Monday, August 10, 2009

some people's (would be) president

Sarah Palin, that stalwart of reason and sense, wrote this on her Facebook page the other day:

"The America I know and love is not one in which my parents or my baby with Down Syndrome will have to stand in front of Obama’s ‘death panel’ so his bureaucrats can decide, based on a subjective judgment of their ‘level of productivity in society’ whether they are worthy of health care."

Oh. My. Word.

Notice how tricky she is, though. She hasn't said that Obama has actually proposed this "death panel" (whatever that is), which would be a lie, of course. But the language leads the reader to believe that Obama wants this weird thing (a thing so weird I don't even know where it's coming from).

Look, I can play this game too:

The America I know and love is not one in which small children are forced to watch the torture, maiming, and eventual slow and painful murder of soft, cuddly white bunnies at the hand of Sarah Palin and her 'death professors' in order to teach them the 'biology of pain economics.'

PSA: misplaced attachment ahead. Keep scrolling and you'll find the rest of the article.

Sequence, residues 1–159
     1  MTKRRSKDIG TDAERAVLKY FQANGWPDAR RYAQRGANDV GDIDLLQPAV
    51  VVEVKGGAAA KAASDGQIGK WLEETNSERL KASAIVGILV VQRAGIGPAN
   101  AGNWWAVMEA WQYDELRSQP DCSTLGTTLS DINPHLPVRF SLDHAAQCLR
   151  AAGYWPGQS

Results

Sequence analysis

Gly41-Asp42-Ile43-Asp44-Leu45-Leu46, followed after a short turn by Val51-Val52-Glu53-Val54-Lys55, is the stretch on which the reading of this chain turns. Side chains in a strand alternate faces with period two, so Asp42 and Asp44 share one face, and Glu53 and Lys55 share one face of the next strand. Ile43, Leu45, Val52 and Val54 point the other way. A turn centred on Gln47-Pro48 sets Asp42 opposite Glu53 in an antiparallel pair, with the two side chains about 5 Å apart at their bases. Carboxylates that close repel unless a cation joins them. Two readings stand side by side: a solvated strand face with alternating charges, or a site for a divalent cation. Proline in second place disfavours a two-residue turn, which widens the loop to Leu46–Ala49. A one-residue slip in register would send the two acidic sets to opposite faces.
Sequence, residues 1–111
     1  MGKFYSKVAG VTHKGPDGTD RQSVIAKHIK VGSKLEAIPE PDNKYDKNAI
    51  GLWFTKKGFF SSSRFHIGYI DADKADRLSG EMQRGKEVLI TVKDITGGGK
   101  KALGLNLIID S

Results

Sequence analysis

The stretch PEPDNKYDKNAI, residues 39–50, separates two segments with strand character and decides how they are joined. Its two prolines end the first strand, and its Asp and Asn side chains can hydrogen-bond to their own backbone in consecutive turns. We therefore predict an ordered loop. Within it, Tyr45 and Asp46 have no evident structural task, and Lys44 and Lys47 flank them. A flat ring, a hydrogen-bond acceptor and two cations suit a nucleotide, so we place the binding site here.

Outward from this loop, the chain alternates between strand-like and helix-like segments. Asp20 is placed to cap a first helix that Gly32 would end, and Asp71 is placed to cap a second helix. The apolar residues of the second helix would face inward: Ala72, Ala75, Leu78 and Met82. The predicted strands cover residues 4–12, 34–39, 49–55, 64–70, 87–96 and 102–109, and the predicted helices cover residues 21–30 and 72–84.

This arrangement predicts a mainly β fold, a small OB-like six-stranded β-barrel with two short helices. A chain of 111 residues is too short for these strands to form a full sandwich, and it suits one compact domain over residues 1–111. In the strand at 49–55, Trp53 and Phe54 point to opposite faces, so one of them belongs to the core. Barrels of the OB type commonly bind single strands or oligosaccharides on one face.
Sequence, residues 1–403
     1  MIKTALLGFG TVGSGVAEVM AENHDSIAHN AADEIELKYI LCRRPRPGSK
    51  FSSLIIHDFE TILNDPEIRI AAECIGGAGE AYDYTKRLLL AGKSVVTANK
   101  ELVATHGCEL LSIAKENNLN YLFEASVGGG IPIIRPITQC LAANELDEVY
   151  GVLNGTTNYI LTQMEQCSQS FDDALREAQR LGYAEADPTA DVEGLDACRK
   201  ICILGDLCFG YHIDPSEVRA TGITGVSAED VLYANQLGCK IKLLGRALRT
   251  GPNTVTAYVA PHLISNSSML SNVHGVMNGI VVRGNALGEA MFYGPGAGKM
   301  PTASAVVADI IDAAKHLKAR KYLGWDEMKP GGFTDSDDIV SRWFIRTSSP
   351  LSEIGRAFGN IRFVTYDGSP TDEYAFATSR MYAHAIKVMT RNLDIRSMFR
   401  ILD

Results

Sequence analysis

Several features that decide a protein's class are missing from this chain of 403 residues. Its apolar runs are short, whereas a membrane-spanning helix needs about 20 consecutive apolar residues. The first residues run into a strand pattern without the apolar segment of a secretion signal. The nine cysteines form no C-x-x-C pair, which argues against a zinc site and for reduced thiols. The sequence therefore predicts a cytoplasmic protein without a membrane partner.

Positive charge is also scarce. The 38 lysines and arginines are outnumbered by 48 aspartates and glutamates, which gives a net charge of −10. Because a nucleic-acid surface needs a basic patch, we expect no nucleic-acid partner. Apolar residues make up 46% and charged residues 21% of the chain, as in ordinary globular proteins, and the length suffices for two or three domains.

You like that? I didn't lie either.

Palin, you are the lunatic fringe. Well, a lunatic for sure. I'm merely hopeful that you stay on the fringe.


KanyonKris said...

Wow, just, wow.

Even the rabble-rousing extremist talk radio guys won't say stuff that crazy.

At least you know where Palin stands (and how wacked out she is). The one's who really frighten me are the spin doctors who say pretty words that sound right but are lies. How did we get embroiled in Iraq?

Less evil but still annoying are those who speak pretty words that sound good but mean nothing. Every time I've heard Pelosi speak I don't know what she just said. Because she said nothing. Pelosi is a good example, but sadly most politicians practice this "sound good, mean nothing" craft.

Anonymous said...

Most of politics have become a "look at me" ego trip. If they aren't getting enough attention they say something more absurd. What's wrong? Too many people propagating and "reporting" the nonsense that gives them the attention they feed on. It's the "wana-be" syndrome gone wild -- and fed by the society that wants them to be.